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Define $f$ on $\mathbb{R}$ by

$$f(x) := \begin{cases} x^3, & \text{if $x \geq 0$} \\[2ex] 0, & \text{if $x \lt 0$} \end{cases}$$

find all $n \in \mathbb{N}$ such that $f^{n}$ exists on all of $\mathbb{R}$

I am not sure how to approach this problem. On one hand I can take derivatives all the way down to a constant, 6. Then I need to show that each derivative is defined everywhere on $\mathbb{R}$ i.e. show that each derivative is continuous through out $\mathbb{R}$. Theoretically I can show this for $f^{3}, f^{2},f^{1}$ right?

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    $\begingroup$ Does $f^3(0)$ exist? $\endgroup$ – who Oct 25 at 4:44
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You have that

$$ \mathop {\lim }\limits_{h \to 0^ + } \frac{{f''(0 + h) - f''(0)}} {h} = 6 $$ while $$ \mathop {\lim }\limits_{h \to 0^ - } \frac{{f''(0 + h) - f''(0)}} {h} = 0 $$ $f''$ is not differentiable in $x_0=0$. Therefore your function does have a derivative on $\mathbb R$ only up to order 2.

In order to prove that $f'(0)$ does exists we have that

$$ \mathop {\lim }\limits_{h \to 0^ + } \frac{{f\left( {0 + h} \right) - f(0)}} {h} = \mathop {\lim }\limits_{h \to 0^ + } \frac{{h^3 }} {h} = \mathop {\lim }\limits_{h \to 0^ + } h^2 = 0 $$ $$ \mathop {\lim }\limits_{h \to 0^ - } \frac{{f\left( {0 + h} \right) - f(0)}} {h} = \mathop {\lim }\limits_{h \to 0^ - } \frac{0} {h} = \mathop {\lim }\limits_{h \to 0^ - } 0 = 0 $$ therefore we have that $$ f'(x) = \left\{ \begin{gathered} 3x^2 ,\,\,\,\,\,\,x \geqslant 0 \hfill \\ 0,\,\,\,\,\,x < 0 \hfill \\ \end{gathered} \right. $$ Now we can go further in the same way and prove that $$ f''(x) = \left\{ \begin{gathered} 6x,\,\,\,\,\,\,x \geqslant 0 \hfill \\ 0,\,\,\,\,\,x < 0 \hfill \\ \end{gathered} \right. $$ When we investigate about f'''(0) we find the left and right limits above and therefore f'''(0) does not exists.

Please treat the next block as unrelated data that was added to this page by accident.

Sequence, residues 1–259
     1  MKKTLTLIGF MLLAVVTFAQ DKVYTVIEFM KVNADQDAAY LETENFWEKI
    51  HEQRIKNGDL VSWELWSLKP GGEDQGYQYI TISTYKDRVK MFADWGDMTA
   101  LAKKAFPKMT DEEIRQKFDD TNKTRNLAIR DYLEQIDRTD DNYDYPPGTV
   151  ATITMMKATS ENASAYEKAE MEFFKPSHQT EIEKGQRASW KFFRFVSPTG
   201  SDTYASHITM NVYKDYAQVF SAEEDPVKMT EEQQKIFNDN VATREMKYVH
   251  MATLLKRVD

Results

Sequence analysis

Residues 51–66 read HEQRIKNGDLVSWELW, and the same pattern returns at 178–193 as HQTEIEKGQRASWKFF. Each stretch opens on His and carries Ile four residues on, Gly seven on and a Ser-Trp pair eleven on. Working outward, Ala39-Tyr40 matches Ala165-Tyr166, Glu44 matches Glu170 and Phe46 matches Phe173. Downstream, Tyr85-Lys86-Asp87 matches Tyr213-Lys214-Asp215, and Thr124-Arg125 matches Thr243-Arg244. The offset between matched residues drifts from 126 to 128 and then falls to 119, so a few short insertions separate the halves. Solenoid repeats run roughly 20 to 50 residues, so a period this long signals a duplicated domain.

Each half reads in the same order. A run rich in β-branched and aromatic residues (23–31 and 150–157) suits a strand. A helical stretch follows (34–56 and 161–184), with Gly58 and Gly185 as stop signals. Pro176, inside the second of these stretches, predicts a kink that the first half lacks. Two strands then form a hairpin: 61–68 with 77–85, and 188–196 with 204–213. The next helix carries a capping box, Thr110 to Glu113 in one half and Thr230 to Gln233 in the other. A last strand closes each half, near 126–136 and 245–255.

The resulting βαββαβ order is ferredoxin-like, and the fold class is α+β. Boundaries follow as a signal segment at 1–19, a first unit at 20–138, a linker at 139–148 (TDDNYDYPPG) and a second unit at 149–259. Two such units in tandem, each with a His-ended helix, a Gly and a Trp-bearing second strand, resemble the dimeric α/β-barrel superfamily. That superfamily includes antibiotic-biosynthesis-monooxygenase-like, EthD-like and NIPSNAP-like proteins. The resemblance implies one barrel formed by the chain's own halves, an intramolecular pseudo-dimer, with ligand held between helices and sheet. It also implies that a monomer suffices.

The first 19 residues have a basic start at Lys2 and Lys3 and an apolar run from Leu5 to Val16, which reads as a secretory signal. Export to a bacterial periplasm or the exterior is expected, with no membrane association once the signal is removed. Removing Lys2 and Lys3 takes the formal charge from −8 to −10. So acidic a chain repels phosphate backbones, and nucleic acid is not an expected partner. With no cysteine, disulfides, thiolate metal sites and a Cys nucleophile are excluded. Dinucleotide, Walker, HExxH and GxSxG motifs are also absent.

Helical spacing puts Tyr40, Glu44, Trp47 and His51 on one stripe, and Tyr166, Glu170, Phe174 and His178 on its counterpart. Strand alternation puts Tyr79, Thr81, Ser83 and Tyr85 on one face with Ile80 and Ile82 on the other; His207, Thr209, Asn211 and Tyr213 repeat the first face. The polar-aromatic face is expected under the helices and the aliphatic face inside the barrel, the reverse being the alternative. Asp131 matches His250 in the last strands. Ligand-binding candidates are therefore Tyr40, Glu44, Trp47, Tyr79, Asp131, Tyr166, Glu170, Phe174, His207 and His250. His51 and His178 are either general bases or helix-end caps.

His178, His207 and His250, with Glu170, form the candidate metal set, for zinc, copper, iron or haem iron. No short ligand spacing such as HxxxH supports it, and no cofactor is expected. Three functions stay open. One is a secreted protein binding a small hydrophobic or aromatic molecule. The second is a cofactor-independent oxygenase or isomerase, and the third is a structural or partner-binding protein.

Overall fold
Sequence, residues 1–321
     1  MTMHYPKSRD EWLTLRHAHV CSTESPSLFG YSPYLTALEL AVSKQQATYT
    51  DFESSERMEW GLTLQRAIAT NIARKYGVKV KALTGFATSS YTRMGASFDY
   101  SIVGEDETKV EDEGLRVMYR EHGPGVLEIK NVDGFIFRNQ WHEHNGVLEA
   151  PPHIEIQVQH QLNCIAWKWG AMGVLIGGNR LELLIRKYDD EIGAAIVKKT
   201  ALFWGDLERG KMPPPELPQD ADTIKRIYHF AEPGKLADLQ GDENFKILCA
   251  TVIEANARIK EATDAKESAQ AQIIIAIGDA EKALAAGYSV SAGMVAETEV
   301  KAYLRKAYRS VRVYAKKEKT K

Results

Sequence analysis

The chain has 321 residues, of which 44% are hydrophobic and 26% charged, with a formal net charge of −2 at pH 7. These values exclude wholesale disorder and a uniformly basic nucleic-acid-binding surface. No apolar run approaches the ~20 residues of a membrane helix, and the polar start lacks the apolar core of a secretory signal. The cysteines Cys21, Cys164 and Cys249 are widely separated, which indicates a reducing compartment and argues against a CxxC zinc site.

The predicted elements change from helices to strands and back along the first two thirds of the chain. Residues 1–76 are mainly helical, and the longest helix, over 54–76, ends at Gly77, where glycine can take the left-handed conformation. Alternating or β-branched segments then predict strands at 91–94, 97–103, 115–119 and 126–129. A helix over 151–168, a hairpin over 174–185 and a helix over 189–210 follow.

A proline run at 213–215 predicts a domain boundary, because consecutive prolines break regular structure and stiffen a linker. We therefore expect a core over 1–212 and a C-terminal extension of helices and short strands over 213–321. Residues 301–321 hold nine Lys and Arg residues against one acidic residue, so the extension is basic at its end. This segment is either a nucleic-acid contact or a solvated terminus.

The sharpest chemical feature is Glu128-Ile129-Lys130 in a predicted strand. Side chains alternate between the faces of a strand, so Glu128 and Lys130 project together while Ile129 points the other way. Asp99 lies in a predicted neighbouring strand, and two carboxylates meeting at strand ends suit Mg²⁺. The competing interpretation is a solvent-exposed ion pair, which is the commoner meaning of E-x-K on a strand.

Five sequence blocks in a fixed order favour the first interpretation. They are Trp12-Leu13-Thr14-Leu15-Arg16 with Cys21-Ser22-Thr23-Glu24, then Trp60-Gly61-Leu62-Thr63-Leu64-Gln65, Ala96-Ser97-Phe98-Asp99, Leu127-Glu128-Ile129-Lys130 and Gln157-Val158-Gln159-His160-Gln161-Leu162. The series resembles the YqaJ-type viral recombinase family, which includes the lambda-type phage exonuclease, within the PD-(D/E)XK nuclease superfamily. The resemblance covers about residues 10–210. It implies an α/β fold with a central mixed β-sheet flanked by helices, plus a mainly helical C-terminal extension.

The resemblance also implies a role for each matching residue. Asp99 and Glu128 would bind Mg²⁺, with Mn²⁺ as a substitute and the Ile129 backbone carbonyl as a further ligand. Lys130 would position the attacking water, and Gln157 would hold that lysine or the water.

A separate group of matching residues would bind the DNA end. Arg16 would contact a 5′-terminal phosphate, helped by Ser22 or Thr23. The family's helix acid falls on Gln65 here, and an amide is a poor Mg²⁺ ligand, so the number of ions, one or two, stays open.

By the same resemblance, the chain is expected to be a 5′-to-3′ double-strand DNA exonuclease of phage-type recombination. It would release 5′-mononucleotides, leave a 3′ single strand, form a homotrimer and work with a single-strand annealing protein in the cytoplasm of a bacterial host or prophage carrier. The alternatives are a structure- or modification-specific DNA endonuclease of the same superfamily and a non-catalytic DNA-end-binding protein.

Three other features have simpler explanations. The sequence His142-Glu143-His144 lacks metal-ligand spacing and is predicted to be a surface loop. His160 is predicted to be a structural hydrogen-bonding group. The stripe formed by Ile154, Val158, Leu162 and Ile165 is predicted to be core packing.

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  • $\begingroup$ How can I show it is differentiable at $f^{1}$? $\endgroup$ – K. Gibson Oct 25 at 5:24
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    $\begingroup$ You wrote "$f''$ is not differentiable in $x_0=0$". However, I believe you mean $f'''$ instead. $\endgroup$ – John Omielan Oct 25 at 5:30
  • $\begingroup$ Since the right and the left limits are different it means that f'' does not have a derivative. Therefore it is true that it is not differentiable. In other words f''' does not exists. $\endgroup$ – Luca Oct 26 at 16:00
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It may be helpful to consider what happens at $x = 0$, and to treat other values of x separately. Basically, it's obvious that for $x \neq 0$ all of the derivatives exist. You may be required to actually write something to explain why, but you should focus most attention on $x = 0.$

Do you have any trouble finding all $n \in \mathbb{N}$ such that $f^{n}(0)$ exists?

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